I have now greased and re-fitted by hand the spring into the barrel. The task was relatively easy to execute. With the barrel secured in a movement holder, I used a small stiff artist's brush to apply the grease to the inner surface of the spring coils, the arbor, the base and cap of the barrel. Wearing latex finger cots, I found it straightforward to feed the coils back into the barrel. However, I did notice that some very small particles of latex had been deposited on the spring. I have attempted to remove these. The spring appears to fit reasonably flat into the barrel except for the innermost outer coil - I take this to be a indication of a small amount of coning. After replacing the cap I confirmed that the arbor has successfully engaged with the spring.

    20181114 001.jpg 20181114 002.jpg 20181114 003.jpg 20181114 004.jpg 20181114 005.jpg

    John
     
  22. gmorse

    gmorse Registered User
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    Hi John,

    They're usually around a third, give or take the odd 0.5 mm.

    This is preferable to leaving small particles of finger on it . . .

    You've done well to get it back in so neatly.

    Regards,

    Graham
     
  23. John Matthews

    John Matthews Registered User
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    :)
     
  24. John Matthews

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    The movement came with a broken chain. When I removed the regulator plate I discovered the broken barrel hook of the chain, I thought at the time this might have been all that had been lost from the chain and when it broke it became lodged beneath the plate. This morning I have wound the broken chain onto the fusee – as can be seen from the photograph, the broken end comes to rest half way around the uppermost groove. So my conclusion is, if the break did occur at the hook, the chain was probably a replacement which was too short and this may well have been the reason it broke. As far as I am able to judge the thickness and the height of the chain is correct, but I think the length of the new chain would need to be ~50mm. longer than the broken section. My plan is to source one ~220mm. (~8.5in.).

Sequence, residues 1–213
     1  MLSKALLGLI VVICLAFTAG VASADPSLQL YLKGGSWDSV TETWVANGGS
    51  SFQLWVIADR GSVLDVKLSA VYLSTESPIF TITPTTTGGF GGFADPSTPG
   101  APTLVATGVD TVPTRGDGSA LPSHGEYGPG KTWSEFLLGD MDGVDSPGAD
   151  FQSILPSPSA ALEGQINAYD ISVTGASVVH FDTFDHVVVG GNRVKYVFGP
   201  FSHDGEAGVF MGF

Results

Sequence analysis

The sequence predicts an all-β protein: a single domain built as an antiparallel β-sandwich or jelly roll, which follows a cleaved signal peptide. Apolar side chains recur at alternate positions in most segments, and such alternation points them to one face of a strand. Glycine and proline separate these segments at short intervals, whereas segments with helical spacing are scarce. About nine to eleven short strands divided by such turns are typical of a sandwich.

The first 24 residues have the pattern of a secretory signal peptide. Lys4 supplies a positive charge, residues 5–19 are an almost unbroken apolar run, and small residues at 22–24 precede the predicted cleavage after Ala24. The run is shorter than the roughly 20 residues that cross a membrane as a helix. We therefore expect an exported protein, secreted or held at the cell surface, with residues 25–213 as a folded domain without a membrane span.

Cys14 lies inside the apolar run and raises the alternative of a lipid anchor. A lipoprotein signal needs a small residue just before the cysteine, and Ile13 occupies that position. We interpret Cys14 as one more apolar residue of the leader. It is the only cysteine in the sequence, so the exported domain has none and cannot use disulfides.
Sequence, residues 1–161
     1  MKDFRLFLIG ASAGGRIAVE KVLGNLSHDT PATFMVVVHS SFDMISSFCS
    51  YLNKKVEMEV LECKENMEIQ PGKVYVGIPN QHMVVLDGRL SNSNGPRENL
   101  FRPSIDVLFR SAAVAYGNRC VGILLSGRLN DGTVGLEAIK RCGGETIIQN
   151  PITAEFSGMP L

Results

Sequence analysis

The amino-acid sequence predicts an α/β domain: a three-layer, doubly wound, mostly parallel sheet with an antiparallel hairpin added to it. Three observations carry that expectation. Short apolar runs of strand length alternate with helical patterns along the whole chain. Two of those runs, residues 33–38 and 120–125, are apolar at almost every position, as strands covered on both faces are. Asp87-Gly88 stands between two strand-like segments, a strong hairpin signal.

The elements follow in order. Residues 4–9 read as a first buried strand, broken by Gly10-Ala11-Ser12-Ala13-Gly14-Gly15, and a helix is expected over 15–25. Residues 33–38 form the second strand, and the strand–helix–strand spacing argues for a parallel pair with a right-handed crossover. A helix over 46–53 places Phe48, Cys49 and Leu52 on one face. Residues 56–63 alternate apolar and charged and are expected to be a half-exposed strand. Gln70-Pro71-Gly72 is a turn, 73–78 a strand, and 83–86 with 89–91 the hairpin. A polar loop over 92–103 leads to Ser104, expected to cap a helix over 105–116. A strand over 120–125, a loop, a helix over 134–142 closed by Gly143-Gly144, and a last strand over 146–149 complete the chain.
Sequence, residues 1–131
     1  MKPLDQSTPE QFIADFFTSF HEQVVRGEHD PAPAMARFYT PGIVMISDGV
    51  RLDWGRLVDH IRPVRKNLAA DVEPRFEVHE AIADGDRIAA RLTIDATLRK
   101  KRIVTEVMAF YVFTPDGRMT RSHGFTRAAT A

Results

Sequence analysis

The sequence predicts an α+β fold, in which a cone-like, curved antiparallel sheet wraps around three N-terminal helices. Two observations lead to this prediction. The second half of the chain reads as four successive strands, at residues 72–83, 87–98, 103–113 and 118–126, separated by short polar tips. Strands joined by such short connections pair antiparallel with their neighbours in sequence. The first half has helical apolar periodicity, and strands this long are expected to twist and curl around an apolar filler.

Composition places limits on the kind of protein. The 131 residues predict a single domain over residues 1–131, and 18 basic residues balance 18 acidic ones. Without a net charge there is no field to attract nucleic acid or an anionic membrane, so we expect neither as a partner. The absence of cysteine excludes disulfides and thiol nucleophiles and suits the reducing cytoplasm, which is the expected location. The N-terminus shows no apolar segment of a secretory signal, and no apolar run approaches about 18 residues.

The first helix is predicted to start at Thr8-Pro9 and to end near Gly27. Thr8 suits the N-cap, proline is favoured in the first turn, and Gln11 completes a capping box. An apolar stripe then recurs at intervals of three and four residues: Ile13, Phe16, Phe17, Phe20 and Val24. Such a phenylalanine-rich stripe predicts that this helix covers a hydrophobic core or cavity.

20181115 001.jpg 20181115 002.jpg 20181116 012.jpg

    I also attach a few photographs of the plate with the crown wheel, contrate wheel, the barrel, fusee and centre wheel in place. I have applied a small amount of oil (M 8000) to the crown wheel pivots.

    20181116 005.jpg 20181116 006.jpg 20181116 007.jpg

    An advantage of taking macro photographs at each stage is that they often reveal if 'extraneous debris' – see the pivot of the fusee and contrate wheel (and yes, initially, it feels more like a disadvantage:rolleyes:)

    John
     
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  25. gmorse

    gmorse Registered User
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    Hi John,

    A chain that's too short would certainly lead to a break sooner or later. The present chain does appear to fit the fusee properly, with the slightly longer links typical of its age. Many of the chains on sale now are from later 19th century watches, which are thinner and narrower and won't fit this fusee. The chain should be long enough to leave at least a quarter turn on the barrel when fully wound to the stop.

    Regards,

    Graham
     
  26. John Matthews